That special grandkid language
It has its own dictionary – written in my heart.
A two-year-old knows an average of 50 words. By the time he turns 3, the vocabulary expands to 500! What I have found, however, is that not all of these words are actually in a dictionary.
As my grandkids are growing, I see their personalities taking shape in the way they communicate – or try to. These are the words I cherish the most. Here are a few examples from my kids – and my grandkids:
- Telvamision (or telvamizh for short) = Television
- High nails = high heels
- Pass outs = presentation hand outs
Some phrases cause you to almost giggle – but, are really clever in their origin. For instance, my grandson told his mom that when the storm siren went off they practiced a Tomato Drill. I know we will start calling things a Tomato Watch from now on.
Words that make more sense than ours
Other phrases show a logic and grasp of words superior to those who created our language in the first place. Since she was very young, my granddaughter says "last morning." It is cute – and actually a more understandable phrase than 'yesterday.'
I remember when my oldest (now in his 30s) had started a new school. He came to me and said "Reek By-Bee." I asked him to repeat it. Then I asked him if he could show me. In desperation he finally turned on his 14-month-old heel and went to his room.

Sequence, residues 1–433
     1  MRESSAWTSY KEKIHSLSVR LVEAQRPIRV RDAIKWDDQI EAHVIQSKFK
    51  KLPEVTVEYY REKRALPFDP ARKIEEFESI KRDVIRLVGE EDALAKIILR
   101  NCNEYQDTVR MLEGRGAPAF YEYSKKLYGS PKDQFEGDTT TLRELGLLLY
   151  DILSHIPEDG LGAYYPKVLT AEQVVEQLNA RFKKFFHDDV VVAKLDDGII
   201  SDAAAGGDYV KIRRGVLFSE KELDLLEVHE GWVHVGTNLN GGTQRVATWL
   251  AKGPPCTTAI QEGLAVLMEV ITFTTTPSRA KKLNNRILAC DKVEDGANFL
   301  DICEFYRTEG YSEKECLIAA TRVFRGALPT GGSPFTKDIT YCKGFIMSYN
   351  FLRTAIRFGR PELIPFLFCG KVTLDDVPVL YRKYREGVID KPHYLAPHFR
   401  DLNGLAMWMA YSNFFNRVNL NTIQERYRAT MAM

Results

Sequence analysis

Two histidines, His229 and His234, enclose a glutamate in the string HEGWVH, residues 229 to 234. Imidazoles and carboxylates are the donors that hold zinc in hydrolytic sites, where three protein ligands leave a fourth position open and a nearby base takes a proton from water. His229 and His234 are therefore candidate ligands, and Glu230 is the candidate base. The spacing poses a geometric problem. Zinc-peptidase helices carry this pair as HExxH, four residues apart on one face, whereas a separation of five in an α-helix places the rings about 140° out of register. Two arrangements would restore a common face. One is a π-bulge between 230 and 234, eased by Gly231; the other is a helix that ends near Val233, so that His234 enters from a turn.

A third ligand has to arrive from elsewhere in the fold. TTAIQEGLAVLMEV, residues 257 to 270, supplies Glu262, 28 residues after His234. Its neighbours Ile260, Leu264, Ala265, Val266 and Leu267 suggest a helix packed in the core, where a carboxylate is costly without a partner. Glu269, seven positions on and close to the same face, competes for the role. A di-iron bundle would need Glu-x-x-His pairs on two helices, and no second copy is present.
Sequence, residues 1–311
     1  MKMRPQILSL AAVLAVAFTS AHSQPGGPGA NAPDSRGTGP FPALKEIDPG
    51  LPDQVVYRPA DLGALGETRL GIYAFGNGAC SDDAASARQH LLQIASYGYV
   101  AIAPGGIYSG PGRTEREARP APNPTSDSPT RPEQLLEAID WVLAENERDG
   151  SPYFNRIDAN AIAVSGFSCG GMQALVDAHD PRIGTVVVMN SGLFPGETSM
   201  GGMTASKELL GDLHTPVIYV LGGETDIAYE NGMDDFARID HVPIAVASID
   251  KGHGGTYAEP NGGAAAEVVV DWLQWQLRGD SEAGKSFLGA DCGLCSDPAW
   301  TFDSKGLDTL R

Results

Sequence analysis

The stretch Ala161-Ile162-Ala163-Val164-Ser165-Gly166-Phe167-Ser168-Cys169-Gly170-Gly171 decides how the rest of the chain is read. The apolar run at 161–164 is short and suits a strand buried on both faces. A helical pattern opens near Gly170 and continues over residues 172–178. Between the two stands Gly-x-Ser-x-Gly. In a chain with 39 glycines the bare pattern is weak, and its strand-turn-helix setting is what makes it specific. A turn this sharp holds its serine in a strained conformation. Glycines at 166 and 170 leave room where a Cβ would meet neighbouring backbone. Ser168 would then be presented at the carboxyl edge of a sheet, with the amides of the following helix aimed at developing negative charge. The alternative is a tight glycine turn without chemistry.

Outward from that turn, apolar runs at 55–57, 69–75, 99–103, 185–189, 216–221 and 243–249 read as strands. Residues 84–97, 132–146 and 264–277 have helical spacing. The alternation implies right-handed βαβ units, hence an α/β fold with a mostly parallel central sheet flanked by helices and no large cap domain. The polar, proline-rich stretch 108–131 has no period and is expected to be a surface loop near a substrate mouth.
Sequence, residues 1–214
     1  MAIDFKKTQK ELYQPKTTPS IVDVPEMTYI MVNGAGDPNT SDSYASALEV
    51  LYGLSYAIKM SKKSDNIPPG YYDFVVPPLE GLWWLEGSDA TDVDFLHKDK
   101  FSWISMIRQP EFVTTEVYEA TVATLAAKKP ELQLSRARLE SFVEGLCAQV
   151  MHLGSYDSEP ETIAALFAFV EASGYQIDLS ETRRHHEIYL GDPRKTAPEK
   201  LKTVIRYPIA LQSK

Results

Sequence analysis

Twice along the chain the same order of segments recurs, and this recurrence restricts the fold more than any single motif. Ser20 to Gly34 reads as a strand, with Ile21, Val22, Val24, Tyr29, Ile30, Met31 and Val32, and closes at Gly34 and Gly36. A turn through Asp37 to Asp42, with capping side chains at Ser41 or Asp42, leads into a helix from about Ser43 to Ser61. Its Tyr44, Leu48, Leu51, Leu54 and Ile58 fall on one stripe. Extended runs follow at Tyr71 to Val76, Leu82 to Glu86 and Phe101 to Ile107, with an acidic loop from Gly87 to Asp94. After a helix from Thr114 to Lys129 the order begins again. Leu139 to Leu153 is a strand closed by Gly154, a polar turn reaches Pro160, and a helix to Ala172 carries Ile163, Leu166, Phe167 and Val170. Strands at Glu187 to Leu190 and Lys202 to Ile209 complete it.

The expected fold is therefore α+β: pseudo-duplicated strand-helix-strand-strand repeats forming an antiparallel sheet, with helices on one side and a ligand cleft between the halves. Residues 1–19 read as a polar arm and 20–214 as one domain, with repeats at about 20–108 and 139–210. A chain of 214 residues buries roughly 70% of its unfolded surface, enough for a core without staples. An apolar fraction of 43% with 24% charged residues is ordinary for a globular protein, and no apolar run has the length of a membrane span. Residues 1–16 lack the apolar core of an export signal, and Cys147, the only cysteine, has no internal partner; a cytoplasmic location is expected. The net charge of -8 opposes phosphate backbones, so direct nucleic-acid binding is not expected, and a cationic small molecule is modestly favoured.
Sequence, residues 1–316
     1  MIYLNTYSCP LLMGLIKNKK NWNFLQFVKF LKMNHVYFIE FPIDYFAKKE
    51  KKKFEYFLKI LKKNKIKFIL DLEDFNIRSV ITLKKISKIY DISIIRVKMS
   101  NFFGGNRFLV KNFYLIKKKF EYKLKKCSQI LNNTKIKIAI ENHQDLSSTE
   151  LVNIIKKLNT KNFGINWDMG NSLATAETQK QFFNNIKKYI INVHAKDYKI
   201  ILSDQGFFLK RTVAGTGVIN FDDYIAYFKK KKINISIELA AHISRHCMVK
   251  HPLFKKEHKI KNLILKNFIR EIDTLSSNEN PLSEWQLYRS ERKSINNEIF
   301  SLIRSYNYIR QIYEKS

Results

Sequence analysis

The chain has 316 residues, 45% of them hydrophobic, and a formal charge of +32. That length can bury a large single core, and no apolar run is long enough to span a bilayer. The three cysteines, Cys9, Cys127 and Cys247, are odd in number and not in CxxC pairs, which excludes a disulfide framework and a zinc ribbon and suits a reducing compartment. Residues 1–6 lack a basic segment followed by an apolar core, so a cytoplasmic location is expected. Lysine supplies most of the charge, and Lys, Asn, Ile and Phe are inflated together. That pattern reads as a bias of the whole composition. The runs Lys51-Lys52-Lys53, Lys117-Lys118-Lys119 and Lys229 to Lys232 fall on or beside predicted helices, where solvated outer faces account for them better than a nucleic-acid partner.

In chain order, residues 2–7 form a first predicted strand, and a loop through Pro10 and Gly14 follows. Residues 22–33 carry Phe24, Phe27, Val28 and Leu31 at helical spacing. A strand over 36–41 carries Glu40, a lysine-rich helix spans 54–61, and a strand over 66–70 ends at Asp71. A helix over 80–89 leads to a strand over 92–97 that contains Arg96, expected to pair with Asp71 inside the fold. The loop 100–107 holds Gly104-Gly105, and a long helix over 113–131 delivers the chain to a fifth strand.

It wasn't until that Monday that his teacher explained that Rick Bybee was his new friend. He had wanted a play date. His relief was palpable. He looked at his teacher as if to say "Finally! Someone speaks my language!"
Words from the heart
I try to really listen to them – because it can be exceptionally frustrating when you are not understood. There is a quote in one of my favorite books: The Little Prince by Antoine de Saint-Exupéry.
"Grown-ups never understand anything by themselves, and it is tiresome for children to be always and forever explaining things to them."
I hope I am always listening with an open heart so I don't miss those special words.